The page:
Now that you understand the few risks, you can look at the huge benefits that the Smart Device Framework provides.

OpenNETCF.Net Namespace

For the sample application in this article, you'll use only a single namespace from the Smart Device Framework: "OpenNETCF.Net." The source code is roughly 3,800 lines, so immediately, you can see that if the code works (you'll see that it does) and if you use most of it (you will), you can potentially save weeks of development.

The namespace contains a large number of classes for network usage, including File Transfer Protocol (FTP), network statistics, and Bluetooth. But this article focuses on four classes: Adapter and AccessPoint, plus AdapterCollection and AccessPointCollection, which are, as their names imply, collection classes of the previous two.

Figure 1 is a simple diagram of the classes.

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Figure 1. The Adapter, AccessPoint, and associated collection classes. Click the thumbnail for a larger image.

Adapter and AdapterCollection Classes

The Adapter class represents any Ethernet-compatible network adapter in the system. This adapter can be a wired or wireless network card or anything else that presents an Ethernet layer to the network driver interface specification (NDIS), such as an active Microsoft ActiveSync connection over universal serial bus (USB), serial, or Infrared Data Association (IrDA).

As you saw earlier in Figure 1, the Adapter class presents a large number of properties, most of which describe either Internet Protocol (IP) configuration items (like IP address, gateway, and subnet mask) or wireless connection information, such as signal strength.

The example in this article uses the Adapter class to present the commonly used adapter configuration information for any adapter—wireless or not.

The AdapterCollection class is simply a CollectionBase-derived class that provides a container for adapters returned by a call to Networking.GetAdapters.

As shown in the following code example, you first need to get a list of all NDIS adapters that the device has, which comes in the form of an AdapterCollection class returned from Networking.GetAdapters. When the example application starts, you get a list by calling UpdateAdapters, which gets the AdapterCollection class and populates a combo box with the adapter names.

void UpdateAdapters()
    // Get the available adapters
    m_adapters = Networking.GetAdapters();

    // Clear the combo

    // Add the adapters
    foreach (Adapter adapter in m_adapters)

Every time the user changes the selected (or current) adapter, the UI is updated with the selected adapter's configuration information by a call to UpdateConfig, as shown in the following code example.

void UpdateConfig()

    // Update the adapter's configuration information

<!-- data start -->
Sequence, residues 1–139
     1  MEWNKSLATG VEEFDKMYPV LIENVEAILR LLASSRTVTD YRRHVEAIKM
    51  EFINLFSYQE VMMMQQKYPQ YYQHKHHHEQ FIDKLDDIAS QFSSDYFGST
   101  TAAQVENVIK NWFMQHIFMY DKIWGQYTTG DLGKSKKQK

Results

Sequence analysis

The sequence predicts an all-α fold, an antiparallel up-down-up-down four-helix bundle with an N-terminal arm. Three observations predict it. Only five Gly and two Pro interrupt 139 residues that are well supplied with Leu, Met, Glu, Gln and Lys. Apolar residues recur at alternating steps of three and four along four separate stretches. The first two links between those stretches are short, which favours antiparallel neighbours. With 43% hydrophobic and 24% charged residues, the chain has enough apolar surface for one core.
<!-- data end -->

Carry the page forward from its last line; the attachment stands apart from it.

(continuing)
lblMACAddress.Text = 

    lblIPAddress.Text = m_currentAdapter.CurrentIpAddress;
    lblSubnet.Text = m_currentAdapter.CurrentSubnetMask;
    lblGateway.Text = m_currentAdapter.Gateway;

    // Wireless information
    bool wireless = m_currentAdapter.IsWireless;
    if (wireless)
        lblIsWireless.Text = "True";
        lblWZCCompat.Text = 
        lblIsWireless.Text = "False";
        lblWZCCompat.Text = "N/A";

    // Dynamic Host Configuration Protocol (DHCP) information
    bool dhcpEnabled = m_currentAdapter.DhcpEnabled;
    if (dhcpEnabled)
        lblDHCPEnabled.Text = "True";
        lblLeaseObtained.Text =
        lblLeaseExpires.Text = 
            m_currentAdapter.LeaseExpires.ToShortDateString(); ;
        mnuRenew.Enabled = true;
        lblDHCPEnabled.Text = "False";
        lblLeaseObtained.Text = "N/A";
        lblLeaseExpires.Text = "N/A";
        mnuRenew.Enabled = false;


Figure 2 shows the Configuration tab of the example application running on an HP iPAQ H5555 device. The selected adapter is the built-in 802.11b controller. When the device is connected through ActiveSync over Transmission Control Protocol/Internet Protocol (TCP/IP), the ActiveSync connection will also enumerate as an adapter.

Figure 2. Adapter configuration information for the built-in 802.11b adapter on an HP iPAQ H5555 device

For the Wi-Fi discovery goal of this article, the important property here is IsWirelessZeroConfigCompatible. If a wireless adapter in not WZC compatible, most of its properties are accessed through proprietary API calls, which are often not documented or published, leaving developers without the ability to create custom implementations or software. However, if an adapter is WZC compatible (more and more are), you can use a standard set of Windows APIs to get a large amount of information about the adapter and the network access points that the adapter recognizes.

As mentioned before, the WZC APIs are not formally documented. But Microsoft Platform Builder comes with the source code for the default network UI that connects to WZC–compatible adapters, and that source code provides a way—albeit non-trivial—to see how the APIs work, and these APIs are available in a user-friendly form through the OpenNETCF.Net.AccessPoint class.

AccessPoint and AccessPointCollection Classes